The Presidential Election

FOR the first time since the American Presidency was created, the American people have entered upon a Presidential election in time of great war. Even the election of 1812 forms no exception to this assertion, as the second contest with England did not begin until the summer of that year, when the conditions of the political contest were already understood, and it was known that Mr. Madison would be reëlected, in spite of the opposition of the Federalists, and notwithstanding the disaffection of those Democrats who took De Witt Clinton for their leader. Mr. Madison, indeed, is supposed to have turned “ war man,” against his own convictions, in order to conciliate the “ Young Democracy" of 1812, who had resolved upon having a fight with England,—and in that way to have secured for supporters men who would have prevented his reëlection, had he defied them. The trouble that we had with France at the close of the last century undoubtedly had some effect in deciding the fourth Presidential contest adversely to the Federalists; but though it was illustrated by some excellent naval fighting, it can hardly be spoken of as a war : certainly, it was not a great war. The Mexican War had been brought to a triumphant close before the election of 1848 was opened. Of the nineteen Presidential elections which the country has known, sixteen were held in times of profound peace,—as Indian wars went for nothing; and the other three were not affected as to their decision by the contests we had had with France or Mexico, or by that with England, which was in its first stage when Mr. Madison was reëlected. Every Presidential election, from that of 1788 to that of 1860, found us a united people, with every State taking some part in the canvas. Even South Carolina in 1860 was not clearly counted out of the fight until after Mr. Lincoln’s success had been announced, and rebellion had been resolved upon.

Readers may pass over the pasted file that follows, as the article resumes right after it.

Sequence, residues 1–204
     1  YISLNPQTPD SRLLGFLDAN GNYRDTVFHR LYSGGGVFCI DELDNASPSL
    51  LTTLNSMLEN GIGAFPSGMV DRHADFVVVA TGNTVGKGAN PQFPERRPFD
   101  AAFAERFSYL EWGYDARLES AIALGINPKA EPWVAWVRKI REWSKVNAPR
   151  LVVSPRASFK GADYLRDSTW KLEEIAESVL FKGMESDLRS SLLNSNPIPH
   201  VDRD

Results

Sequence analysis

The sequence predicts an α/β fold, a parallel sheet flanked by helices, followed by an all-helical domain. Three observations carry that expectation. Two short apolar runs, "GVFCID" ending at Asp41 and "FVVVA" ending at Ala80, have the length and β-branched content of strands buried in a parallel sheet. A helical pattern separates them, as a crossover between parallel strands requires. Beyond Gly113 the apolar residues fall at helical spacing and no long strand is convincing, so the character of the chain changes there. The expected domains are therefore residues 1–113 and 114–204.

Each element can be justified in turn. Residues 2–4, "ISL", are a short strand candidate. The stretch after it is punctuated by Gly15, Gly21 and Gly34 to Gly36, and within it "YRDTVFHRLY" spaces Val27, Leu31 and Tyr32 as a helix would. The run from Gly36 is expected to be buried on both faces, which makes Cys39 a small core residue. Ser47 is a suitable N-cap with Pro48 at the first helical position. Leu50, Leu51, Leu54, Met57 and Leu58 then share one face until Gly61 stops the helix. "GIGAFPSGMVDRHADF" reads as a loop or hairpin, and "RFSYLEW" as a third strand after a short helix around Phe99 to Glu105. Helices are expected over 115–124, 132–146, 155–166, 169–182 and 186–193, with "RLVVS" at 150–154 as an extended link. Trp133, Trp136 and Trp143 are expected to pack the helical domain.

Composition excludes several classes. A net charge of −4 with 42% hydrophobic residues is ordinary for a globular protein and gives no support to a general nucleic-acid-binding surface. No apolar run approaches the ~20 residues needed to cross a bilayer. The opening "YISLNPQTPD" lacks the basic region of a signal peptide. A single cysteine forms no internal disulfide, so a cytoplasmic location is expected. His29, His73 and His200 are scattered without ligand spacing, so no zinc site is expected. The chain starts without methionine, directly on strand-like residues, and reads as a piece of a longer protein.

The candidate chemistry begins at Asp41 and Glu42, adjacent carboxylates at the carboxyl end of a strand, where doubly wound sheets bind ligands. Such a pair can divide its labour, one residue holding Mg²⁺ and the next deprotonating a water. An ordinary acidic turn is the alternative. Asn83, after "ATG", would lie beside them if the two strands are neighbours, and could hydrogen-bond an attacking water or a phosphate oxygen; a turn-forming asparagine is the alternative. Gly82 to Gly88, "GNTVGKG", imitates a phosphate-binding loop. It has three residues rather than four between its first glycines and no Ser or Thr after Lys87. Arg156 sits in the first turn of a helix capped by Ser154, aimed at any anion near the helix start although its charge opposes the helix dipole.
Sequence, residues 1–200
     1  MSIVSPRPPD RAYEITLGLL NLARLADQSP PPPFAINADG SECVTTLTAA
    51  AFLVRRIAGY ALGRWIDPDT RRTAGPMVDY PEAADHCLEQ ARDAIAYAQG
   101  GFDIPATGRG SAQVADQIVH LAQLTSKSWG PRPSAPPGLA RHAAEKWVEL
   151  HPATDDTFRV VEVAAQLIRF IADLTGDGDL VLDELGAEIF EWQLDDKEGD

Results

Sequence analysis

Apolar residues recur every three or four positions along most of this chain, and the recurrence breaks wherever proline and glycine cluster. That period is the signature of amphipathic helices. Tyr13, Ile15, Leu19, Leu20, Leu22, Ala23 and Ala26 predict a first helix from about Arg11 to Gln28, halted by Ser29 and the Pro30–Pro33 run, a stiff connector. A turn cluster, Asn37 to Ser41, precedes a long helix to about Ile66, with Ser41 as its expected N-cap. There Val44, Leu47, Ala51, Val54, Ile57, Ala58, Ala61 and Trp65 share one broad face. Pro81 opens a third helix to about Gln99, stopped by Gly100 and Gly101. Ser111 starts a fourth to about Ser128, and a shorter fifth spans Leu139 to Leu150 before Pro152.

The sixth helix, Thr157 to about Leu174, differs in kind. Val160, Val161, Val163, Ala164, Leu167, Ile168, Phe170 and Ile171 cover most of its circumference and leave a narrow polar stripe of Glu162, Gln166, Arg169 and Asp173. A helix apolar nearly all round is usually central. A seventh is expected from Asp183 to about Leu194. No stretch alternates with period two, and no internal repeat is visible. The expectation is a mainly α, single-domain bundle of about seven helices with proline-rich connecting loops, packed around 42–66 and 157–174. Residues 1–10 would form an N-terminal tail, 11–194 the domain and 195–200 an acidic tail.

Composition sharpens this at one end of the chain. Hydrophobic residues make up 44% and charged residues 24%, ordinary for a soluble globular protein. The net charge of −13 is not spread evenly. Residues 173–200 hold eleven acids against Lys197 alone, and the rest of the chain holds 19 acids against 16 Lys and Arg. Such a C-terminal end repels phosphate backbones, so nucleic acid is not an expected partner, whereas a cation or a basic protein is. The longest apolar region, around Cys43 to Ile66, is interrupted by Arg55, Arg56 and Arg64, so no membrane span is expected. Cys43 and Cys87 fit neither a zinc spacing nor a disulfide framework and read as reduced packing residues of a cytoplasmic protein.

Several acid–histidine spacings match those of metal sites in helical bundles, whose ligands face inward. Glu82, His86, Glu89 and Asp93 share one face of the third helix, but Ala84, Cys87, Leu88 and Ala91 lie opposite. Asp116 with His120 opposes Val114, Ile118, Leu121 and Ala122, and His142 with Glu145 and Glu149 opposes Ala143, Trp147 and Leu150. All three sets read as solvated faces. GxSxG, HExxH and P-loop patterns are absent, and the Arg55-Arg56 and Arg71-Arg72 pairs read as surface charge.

But all is now changed. The twentieth Presidential election finds us not only at war, but engaged in a civil war of such magnitude that even the most martial nations of Europe are surprised at the numbers who take part in it, and at its cost. The election is to be carried, and perhaps decided, amid the din of arms, with a million of voters in the land and sea forces of the two parties. This is so new to us, that it would seem more like a dream than a reality, but that losses of life and high prices render the matter most painfully real. How to act under such circumstances might well puzzle us, were it not that the path of duty is pointed out by the spirit of patriotism. The election will have much effect on the operations of war, and those operations in their turn will have no light effect on the election. Our political action should be such as to strengthen the arm of Government; and the military action of Government should be such as to strengthen those who shall he engaged in affording it political support. Failure in the field would not lead to defeat at the polls, but it might so lessen the loyal majority that the public sentiment of the country would be but feebly represented by the country’s political action. What happened in 1862 might happen again in 1864, and with much more disastrous effect on the fortunes of the Republic. In 1862 there was much discontent, because of the belief that Government had not done all it could have done to bring about the overthrow of the Rebels. Irritated by the reverses which had befallen our arms in Virginia, and knowing that nothing had been withheld that was necessary to the effective waging of the war, thousands of men refrained from voting, half-inclined as they were to see if the Democrats could not do that which others had failed to do. We are not discussing the justice of the opinion which then prevailed, but simply state a fact; and the consequence of the discontent that existed was that the Democrats came very near obtaining control of the popular branch of Congress. They made heavy gains in New York, Pennsylvania, Ohio, and other States; but that this result was not the effect of hostility to the national cause was made clearly apparent a year later, when the supporters of that cause won a series of brilliant political victories in the very States which had either pronounced for the Democrats in ’62, or had given but small Republican majorities. The loyal majority iu Ohio in 1863 was something that approached to the fabulous, because then the violent members of the Opposition, encouraged by what had taken place a year earlier, had the audacity to place Mr. Vallandigham in nomination for the office of Governor. Had that individual been elevated to the post for which he was nominated, Ohio must have been arrayed in open opposition to the Federal Government, almost as decisively so as South Carolina or Virginia. Had he been defeated by a small majority, his party would have taken arms against the State Government, and Ohio, compelled to fight for the maintenance of social order at home, would have done nothing for the national cause. But the majority against Mr. Vallandigham was upward of one hundred thousand; and to attempt resistance to a Government so potently supported as that of which Mr. Brough was the head was something that surpassed even the audacity of the men who had had the bad courage to select Mr. Vallandigham for their leader, in the hope of being able to make him the head of the State. That which was done in Ohio, not seven months since, should be done in the nation not seven months hence, if we would have peace preserved at home, and all our available means directed to the work of destroying the armies of the Southern Confederacy, and to the seizure of its ports and principal towns. The national popular majority should be so great in support of the war as to prevent any faction from thinking of resistance to the people’s will as a possibility. The moral effect of a mighty political victory in November would be almost incalculable, both at home and in Europe; and in the Confederacy it would put an end to all such hopes of ultimate success as may rest upon the belief that we are a divided people.